The United Nations weather agency says a continuing weather event places some countries at risk of weather-related problems.
The World Meteorological Organization, or WMO, predicts La Niña will continue to affect the world’s weather through January. The weather event is expected to bring drier and wetter conditions than normal to different parts of the world.
La Niña is a weather pattern that happens in the Pacific Ocean but affects weather around the world. A La Niña event happens when ocean surface waters cool along the Pacific coast of the South American tropics. This takes place about every two to seven years.
The latest predictions show La Niña will cause drier than normal conditions in much of East Africa and lead to more rainfall in southern Africa. Central Asia is likely to see below normal rainfall earlier than usual.
The WMO reports some of the Pacific islands and the northern part of South America will see unusual changes in wet weather. These changes in weather patterns can put countries in some parts of the world at greater risk.
Gavin Iley is a humanitarian expert for the WMO. He told VOA parts of eastern Africa were of special concern. The area is already suffering such problems as locust insects eating crops. Weather imaging suggests below normal rainfall for a large part of eastern Africa, Iley explained. So that could have a number of effects on places like Somalia.
The WMO said governments can use weather predictions to plan ways to reduce harmful effects on agriculture, health, water resources and disaster supervision. All of these are sensitive to a changing climate.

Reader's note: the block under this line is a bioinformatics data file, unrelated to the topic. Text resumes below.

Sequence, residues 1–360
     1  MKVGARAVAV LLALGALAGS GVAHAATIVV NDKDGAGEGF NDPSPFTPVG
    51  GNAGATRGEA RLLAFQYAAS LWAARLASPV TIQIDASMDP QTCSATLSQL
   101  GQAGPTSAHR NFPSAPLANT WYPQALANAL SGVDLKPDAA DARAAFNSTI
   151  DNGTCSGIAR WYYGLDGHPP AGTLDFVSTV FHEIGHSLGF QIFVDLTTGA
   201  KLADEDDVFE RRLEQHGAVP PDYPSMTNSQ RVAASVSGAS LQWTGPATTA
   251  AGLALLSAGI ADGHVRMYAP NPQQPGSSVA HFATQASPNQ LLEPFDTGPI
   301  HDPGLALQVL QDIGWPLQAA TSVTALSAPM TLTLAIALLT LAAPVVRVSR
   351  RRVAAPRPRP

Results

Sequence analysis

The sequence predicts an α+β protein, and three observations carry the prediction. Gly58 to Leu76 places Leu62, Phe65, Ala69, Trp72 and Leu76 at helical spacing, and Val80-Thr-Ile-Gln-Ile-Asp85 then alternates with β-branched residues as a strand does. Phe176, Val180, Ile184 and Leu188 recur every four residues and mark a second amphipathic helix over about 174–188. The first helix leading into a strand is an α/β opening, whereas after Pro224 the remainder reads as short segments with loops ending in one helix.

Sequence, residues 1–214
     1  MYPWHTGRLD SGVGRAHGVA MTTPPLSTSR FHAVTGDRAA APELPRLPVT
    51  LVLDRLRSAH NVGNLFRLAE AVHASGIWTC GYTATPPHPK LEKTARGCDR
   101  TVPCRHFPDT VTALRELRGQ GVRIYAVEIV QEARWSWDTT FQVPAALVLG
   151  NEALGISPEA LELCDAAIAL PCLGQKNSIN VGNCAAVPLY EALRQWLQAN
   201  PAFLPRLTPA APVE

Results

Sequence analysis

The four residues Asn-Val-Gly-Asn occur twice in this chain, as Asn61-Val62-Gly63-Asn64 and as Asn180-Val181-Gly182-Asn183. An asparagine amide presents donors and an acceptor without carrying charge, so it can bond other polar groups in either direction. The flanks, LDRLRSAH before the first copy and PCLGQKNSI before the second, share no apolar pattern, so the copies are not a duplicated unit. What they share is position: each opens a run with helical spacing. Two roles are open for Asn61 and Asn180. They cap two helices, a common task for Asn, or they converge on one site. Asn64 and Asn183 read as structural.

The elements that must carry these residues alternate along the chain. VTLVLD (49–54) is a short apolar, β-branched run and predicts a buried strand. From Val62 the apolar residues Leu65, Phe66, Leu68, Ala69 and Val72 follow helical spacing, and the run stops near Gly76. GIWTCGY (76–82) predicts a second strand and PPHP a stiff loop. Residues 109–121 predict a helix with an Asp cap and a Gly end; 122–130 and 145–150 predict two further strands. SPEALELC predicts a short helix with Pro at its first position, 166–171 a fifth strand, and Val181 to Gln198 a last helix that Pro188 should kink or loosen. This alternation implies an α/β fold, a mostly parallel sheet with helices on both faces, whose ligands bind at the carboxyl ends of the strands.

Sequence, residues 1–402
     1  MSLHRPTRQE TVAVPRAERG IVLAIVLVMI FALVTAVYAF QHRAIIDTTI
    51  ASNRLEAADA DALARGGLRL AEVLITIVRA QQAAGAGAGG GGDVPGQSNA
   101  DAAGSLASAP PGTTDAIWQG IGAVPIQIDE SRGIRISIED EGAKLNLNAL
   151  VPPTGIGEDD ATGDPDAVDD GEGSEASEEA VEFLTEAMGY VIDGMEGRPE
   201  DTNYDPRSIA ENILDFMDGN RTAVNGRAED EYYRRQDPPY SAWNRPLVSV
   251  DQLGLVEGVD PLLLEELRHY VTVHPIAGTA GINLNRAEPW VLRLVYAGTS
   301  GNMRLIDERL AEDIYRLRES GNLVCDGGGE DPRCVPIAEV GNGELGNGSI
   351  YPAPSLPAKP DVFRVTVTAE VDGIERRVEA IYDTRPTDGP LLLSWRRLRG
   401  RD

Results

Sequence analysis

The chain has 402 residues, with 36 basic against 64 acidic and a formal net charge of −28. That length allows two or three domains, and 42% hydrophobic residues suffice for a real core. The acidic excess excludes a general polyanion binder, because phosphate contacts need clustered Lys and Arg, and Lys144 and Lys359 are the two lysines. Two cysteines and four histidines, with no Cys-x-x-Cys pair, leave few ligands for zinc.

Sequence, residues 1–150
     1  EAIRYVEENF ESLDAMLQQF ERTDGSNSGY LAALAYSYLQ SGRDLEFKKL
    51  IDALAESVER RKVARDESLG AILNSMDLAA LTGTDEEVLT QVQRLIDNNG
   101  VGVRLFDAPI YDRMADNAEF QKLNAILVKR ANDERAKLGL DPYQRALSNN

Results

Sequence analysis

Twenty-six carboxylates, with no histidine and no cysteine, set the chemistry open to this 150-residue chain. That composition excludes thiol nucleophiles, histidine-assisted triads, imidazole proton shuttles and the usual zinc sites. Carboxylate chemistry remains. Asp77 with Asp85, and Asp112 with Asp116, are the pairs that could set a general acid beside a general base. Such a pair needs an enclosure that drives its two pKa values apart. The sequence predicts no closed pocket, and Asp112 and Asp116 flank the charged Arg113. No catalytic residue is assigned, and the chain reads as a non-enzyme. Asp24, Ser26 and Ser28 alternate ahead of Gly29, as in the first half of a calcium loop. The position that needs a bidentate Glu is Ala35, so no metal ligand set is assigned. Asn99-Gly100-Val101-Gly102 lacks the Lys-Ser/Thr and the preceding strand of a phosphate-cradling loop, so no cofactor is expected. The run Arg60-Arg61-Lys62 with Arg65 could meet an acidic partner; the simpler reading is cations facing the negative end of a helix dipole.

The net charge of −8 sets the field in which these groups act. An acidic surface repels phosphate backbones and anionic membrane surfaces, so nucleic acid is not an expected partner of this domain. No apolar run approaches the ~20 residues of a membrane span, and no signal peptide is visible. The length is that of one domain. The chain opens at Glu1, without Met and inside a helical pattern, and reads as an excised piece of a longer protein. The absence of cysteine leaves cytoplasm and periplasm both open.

Maxx Dilley is a director of climate services at the WMO. He said governments can use predictions of La Niña to adapt their action plans.
“You can imagine in the agricultural sector that some crops will do well under wet conditions and others will do better under dry conditions," Dilley said. And there are agricultural supervision methods that can be changed based on whether dry or wet weather is expected.
Dilley said the WMO is trying harder to make its predictions with attention to specific concerns. These include issues like food security or human health.
Dilley gave one example related to health and disease. He said wet conditions alone do not lead to more cases of dengue fever or malaria. Dilley explained that temperature, wet air and vegetation create the conditions for mosquito populations to rise.
So, rather than just giving a rainfall prediction, he said, meteorologists will provide disease predictions. The goal is to use the predictions to control dengue fever or malaria.
I’m Alice Bryant.
Lisa Schlein reported this story for VOA News. Alice Bryant adapted it for Learning English. Mario Ritter, Jr. was the editor.
Words in This Story
meteorological –adj. related to the science that deals with the atmosphere and weather, meteorology
pattern –n. something that happens in a regular or repeated way
tropics –n.(pl.) parts of the world that are near the equator and, therefore, are usually warm
adapt –v. to change in order to deal better with a set of conditions
sector –n. an area of an economy that includes certain industries and jobs
mosquito –n. a small flying insect that bites people and sucks their blood, which sometimes spreads diseases like malaria